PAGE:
Face The Music: A Life Exposed
Confession time: over the holidays, yours truly fell down a KISS wormhole. I know exactly how it happened; I was searching for interviews of Chuck Klosterman on YouTube in relation to his latest book, But What If We’re Wrong?, and happened upon him being featured on a KISS-themed podcast, sharing his thoughts on the band. Curiosity led me to listen, and his chat was so compelling—even if it was an hour and a half long—that I was drawn to his second appearance, and then suddenly I found myself gouging in many of the interesting, funny, compelling, and occasionally sad episodes of the long-running Three Sides Of The Coin podcast. In a podcast I was listening to last week, a discussion arose about Paul Stanley’s book, Face The Music: A Life Exposed, and I decided to check it out on Amazon. Amazingly, it just so happened that the Kindle edition was being offered for ninety-nine cents, so I bought it. Having become accustomed to the puff-piece nature of celebrity autobiographies, my expectations weren’t high, and for the relatively cheap price, if I was disappointed, I wouldn’t feel terribly cheated.
Boy, was I wrong to assume, because Face The Music turned out to be much more revelatory and powerful than I had expected. Sure, the first part of his life was pretty much standard: boy from a working class family hears The Beatles and wants to become a musician. However, there was one element I had not expected, nor did I know about: Stanley was born without an ear, a physical deformity topped off with deafness. This made the young man painfully self-conscious, and his inward-looking self soon took to art as an escape—first with painting and illustration, and then with music.
Even as KISS became successful, Stanley secretly straddled a painful dichotomy: on one hand, he was flamboyant as the Starchild, yet emotionally his Inner Child still harbored great insecurities and self-doubt. But KISS gave him something to believe in, and believe in it he has. Part of the KISS creed—if one were to call it that—was that the band members had to adhere to sobriety, be willing to work hard, give it their all, and then always, always, put the show and the fans first. With Gene Simmons—a best friend he’s not always particularly friendly with, and a creative partner with whom he often has creative differences—he has stayed true to this vow. It’s why Simmons and Stanley have long been the core of the band, and explains why they’ve lost band members due to creative differences, addiction, and even death.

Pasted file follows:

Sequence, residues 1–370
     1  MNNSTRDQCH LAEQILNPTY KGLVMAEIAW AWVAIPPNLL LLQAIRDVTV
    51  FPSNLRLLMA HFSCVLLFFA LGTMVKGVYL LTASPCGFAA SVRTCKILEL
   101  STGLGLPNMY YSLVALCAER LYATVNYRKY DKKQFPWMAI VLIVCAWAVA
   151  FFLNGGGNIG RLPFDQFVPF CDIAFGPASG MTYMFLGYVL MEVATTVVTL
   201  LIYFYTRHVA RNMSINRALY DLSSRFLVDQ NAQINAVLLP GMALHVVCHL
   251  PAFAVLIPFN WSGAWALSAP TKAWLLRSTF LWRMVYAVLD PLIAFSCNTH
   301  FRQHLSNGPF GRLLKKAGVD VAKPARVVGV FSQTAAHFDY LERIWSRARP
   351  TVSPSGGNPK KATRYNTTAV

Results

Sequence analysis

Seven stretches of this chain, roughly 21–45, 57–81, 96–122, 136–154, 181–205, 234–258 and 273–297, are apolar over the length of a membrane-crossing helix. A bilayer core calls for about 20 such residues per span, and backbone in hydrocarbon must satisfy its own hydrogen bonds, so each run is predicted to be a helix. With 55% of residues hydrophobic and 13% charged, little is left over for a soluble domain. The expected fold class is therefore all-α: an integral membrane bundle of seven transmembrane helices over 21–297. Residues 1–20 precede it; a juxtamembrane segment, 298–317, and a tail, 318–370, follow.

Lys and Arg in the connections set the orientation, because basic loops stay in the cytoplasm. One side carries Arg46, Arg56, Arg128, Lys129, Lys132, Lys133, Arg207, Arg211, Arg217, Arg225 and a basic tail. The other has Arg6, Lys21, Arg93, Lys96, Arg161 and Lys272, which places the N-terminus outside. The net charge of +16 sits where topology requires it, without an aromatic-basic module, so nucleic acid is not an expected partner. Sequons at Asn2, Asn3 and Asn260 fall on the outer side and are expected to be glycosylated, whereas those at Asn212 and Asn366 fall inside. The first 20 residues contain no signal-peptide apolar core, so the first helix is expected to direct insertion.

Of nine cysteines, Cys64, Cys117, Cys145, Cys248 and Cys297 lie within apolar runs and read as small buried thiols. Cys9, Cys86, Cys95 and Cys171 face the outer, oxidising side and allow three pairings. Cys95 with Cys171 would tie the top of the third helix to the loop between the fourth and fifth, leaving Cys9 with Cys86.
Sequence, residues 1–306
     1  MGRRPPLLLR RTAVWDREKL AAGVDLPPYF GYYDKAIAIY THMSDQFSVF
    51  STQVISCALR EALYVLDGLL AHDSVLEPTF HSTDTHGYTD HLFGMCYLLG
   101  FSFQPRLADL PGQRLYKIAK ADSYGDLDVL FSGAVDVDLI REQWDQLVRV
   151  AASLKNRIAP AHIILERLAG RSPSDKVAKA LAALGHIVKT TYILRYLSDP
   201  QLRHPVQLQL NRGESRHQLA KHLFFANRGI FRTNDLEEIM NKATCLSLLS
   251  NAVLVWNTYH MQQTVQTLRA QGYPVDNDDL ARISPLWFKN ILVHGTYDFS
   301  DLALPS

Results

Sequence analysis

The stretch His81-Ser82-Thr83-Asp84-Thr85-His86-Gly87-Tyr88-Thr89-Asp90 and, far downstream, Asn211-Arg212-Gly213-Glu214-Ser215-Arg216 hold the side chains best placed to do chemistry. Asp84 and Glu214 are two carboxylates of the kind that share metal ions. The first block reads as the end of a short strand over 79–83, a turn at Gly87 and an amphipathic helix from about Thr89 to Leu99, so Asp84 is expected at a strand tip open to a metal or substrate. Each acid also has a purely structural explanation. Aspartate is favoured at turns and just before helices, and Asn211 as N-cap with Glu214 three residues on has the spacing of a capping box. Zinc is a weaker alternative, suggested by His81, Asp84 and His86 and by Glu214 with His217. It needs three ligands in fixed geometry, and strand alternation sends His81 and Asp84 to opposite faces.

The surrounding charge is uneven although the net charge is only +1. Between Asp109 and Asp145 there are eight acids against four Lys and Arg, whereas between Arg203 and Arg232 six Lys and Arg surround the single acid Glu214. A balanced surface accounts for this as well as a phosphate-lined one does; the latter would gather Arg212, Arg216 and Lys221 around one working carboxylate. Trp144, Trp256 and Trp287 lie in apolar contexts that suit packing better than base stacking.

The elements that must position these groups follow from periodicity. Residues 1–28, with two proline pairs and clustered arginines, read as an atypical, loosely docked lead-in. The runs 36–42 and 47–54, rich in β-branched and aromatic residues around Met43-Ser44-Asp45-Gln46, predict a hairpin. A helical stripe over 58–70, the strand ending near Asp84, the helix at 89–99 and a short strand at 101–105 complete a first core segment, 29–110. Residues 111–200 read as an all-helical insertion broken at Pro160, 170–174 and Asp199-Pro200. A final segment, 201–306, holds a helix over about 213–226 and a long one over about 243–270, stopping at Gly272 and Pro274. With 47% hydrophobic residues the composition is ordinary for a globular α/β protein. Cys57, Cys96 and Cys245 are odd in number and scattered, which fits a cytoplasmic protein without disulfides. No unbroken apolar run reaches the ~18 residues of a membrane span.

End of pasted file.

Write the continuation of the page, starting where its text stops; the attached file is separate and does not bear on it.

If anything, Face The Music was much more of a human read. Yes, there are rock and roll excesses and scores and scores of women to be had, but even as he’s regaling in his glory days, there’s an unavoidable sadness to it all; yes, he enjoys the pleasures of the flesh, but they never satisfy him. He learned quickly that it all is meaningless, and his quest for inner happiness and companionship and inner peace becomes more important than the spoils of rock superstardom. Thus, he steps outside KISS for satisfaction, whether it be working with charity groups—most importantly, one dedicated to helping children born with disfiguring birth defects—or stepping outside of the band to take on the lead role in a Canadian production of The Phantom Of The Opera. Happily, he does find the love of a lifetime, and the only thing greater than his elation is the reader’s sense of satisfaction that the man who could have it all finally gets to have what he needs.
While I’m most likely not going to become a KISS fanatic any time soon, I’m always up for a good tale, and Face The Music most certainly was that. It’s a story of a young man on a spiritual journey, even if he didn’t know he was on one at the time, and it’s a glimpse of a young man who took adversity and self-doubt and set it aside to become one of the most definitive examples of being a heavy metal superstar. I wasn’t expecting insight and wistfulness, and will gladly admit I was wrong.
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